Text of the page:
There are a number of tests which we have carried out over the years to verify and improve our measurement algorithms for applications in vehicle testing.
One such test is to place two reflective strips on the road at a known distance apart. Using a laser sensor connected to the trigger input of a VBOX, the vehicle is then driven between these two points a number of times, and the distances compared. In such tests, the VBOX 3i will always be within 3cm in 1000m, which is about the same as the measurement uncertainty due to the slight deviation of the vehicle during the driving.
GPS positional accuracy is subject to ionospheric interference, which causes a satellite signal to change in length as it travels towards the Earth's surface. This means that, depending on the quality of the receiver, accuracy can vary by several metres.
VBOX data loggers are fitted with superior GPS engines that give better positional accuracy than those found in mobile phones and satellite navigation devices. By using additional signals other than those from the standard US GPS satellites, this can be enhanced further. The free SBAS services augment the positional capabilities of a survey-grade receiver to as good as 1 m without the use of a Base Station.
However, by adding another GPS engine at a fixed position, the majority of errors can be calculated and removed from the final result. This is the function of a Base Station: because it remains stationary, it is able to broadcast correction messages to a roving VBOX, resulting in much improved positional accuracy.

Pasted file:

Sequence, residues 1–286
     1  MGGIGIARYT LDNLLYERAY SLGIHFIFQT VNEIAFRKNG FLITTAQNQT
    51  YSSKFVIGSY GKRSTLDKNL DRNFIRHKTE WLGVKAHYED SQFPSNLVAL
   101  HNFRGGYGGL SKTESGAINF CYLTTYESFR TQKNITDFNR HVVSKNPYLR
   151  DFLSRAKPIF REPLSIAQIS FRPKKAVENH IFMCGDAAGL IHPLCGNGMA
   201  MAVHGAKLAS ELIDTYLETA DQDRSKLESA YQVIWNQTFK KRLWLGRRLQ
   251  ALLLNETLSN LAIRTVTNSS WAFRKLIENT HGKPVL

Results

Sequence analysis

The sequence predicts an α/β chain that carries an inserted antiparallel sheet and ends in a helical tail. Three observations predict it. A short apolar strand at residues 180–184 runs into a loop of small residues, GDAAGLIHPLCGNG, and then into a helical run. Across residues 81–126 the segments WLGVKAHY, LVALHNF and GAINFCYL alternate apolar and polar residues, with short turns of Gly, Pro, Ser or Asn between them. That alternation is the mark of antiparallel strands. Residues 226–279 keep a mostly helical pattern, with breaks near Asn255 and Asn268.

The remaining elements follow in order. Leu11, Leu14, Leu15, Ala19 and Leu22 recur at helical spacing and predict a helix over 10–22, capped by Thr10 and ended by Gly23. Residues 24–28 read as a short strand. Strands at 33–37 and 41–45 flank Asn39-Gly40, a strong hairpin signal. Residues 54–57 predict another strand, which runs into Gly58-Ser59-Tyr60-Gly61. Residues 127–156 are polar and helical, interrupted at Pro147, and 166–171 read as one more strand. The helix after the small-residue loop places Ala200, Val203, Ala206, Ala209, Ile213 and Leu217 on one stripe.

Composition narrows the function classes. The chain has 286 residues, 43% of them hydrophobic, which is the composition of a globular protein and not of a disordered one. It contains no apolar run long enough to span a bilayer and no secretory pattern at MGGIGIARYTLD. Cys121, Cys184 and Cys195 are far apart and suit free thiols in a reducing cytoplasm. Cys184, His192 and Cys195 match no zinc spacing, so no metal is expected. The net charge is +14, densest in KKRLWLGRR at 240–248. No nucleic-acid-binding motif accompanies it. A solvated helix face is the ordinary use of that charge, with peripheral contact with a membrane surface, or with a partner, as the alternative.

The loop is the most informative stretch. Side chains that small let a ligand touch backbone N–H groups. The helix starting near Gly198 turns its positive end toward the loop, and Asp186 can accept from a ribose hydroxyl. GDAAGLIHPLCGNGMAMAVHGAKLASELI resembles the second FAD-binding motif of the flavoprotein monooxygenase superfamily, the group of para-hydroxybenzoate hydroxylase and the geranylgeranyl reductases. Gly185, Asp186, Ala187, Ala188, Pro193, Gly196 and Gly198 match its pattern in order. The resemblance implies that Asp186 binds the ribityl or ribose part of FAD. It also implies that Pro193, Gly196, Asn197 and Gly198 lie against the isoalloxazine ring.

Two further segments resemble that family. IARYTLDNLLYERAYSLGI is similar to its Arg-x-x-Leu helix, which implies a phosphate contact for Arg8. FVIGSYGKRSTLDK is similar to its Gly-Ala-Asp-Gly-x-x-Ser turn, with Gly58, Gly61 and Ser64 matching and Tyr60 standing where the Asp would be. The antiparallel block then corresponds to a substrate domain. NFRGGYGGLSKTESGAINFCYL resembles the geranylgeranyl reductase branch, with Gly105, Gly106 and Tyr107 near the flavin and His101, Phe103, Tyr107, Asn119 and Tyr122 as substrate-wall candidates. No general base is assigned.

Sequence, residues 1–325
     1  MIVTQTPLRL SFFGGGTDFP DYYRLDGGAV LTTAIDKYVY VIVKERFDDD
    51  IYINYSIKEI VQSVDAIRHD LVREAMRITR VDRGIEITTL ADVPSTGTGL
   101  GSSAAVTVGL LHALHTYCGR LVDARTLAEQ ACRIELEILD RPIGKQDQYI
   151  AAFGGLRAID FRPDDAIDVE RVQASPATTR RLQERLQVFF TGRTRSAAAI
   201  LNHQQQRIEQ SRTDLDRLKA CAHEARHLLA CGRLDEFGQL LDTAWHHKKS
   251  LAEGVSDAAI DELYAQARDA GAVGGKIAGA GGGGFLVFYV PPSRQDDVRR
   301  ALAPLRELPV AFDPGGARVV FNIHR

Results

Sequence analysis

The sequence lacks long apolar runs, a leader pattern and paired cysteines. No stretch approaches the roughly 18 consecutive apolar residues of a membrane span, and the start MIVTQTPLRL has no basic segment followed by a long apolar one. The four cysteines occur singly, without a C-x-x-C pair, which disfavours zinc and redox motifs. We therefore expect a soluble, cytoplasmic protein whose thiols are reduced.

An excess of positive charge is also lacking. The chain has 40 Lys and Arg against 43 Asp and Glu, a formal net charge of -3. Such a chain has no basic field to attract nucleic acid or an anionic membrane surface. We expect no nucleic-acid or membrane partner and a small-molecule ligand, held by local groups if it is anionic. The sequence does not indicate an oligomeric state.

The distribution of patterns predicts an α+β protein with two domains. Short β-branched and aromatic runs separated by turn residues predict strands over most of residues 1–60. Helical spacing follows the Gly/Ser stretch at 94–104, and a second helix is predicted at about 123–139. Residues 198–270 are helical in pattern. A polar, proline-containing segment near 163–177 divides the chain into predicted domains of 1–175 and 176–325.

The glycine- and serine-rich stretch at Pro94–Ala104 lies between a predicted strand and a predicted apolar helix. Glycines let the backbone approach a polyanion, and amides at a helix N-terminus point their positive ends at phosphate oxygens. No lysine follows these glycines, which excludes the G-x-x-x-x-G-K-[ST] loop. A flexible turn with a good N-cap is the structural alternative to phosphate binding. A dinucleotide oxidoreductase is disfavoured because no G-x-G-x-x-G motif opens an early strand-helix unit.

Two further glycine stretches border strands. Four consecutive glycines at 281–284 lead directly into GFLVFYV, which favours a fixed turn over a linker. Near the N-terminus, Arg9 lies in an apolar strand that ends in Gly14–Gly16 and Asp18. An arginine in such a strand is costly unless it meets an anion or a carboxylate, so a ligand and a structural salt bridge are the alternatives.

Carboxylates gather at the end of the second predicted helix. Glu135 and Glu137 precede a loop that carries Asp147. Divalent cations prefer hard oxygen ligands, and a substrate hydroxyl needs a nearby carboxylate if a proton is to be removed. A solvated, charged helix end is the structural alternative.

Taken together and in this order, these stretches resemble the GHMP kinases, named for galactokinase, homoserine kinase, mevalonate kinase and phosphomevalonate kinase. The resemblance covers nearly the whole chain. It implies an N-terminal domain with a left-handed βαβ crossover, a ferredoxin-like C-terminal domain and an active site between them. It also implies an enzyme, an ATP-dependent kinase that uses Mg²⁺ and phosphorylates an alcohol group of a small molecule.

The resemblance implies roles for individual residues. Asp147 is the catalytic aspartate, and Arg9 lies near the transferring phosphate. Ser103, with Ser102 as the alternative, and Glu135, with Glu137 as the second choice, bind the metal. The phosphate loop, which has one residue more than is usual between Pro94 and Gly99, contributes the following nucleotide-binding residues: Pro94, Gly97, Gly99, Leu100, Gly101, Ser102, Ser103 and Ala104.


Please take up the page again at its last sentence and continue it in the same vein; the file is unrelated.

By incorporating signals from the Russian GLONASS satellite constellation and employing a Real-Time Kinematic (RTK) algorithm, the VBOX 3i Dual Antenna RTK with suitable Base Station achieves a positional accuracy of +/-2 cm.
This image shows a scatter plot of samples taken over a period of 24 hours demonstrates just how accurate the RTK + GLONASS really is:
Normal GPS in red, RTK in blue.
The advantage of using both sets of constellations is that there are almost twice as many measurements available to use, and they are on two slightly different frequencies. This allows sophisticated algorithms inside the GPS engines to eliminate all of the major errors normally associated with position estimation, leading to the highest accuracy GPS engine on the market today.
See this video for a demonstration.
Relative Position – the Moving Base Solution
In the field of automotive testing, and especially that of ADAS development, knowing the distance between moving vehicles is often a requirement. This can be achieved on a test track by using multiple VBOX units and a Base Station, but the area over which testing can be conducted is determined by the range of the telemetry modems that broadcast correction messages.
What is needed in this situation is high relative positional accuracy (the distance between subject and target vehicles, as opposed to the actual position of them on the face of the Earth) so by configuring one of a pair of VBOX 3i Dual Antenna with RTK units with a special version of firmware, Moving Base now allows for applications such as Forward Collision Warning, Adaptive Cruise Control, Blind Spot Detection, and Emergency Braking to be tested and validated in the environment in which they will actually be put to use – amongst other road users and roadside objects. This not only ensures total realism, but also has the potential to shorten development timescales and offers a level of convenience not previously available to test departments.
By employing multi antenna systems, it becomes possible to measure vehicle body attitude parameters. When placed in line down the length of the vehicle roof, a dual antenna setup can be used to capture slip angle and pitch; when placed across the width of the roof it can record roll.
This works by configuring the VBOX with the antenna separation distances, and with an RTK lock operating between them, a very accurate angle measurement is produced, achieved by comparing the heading taken from the primary antenna against the relative position of the others.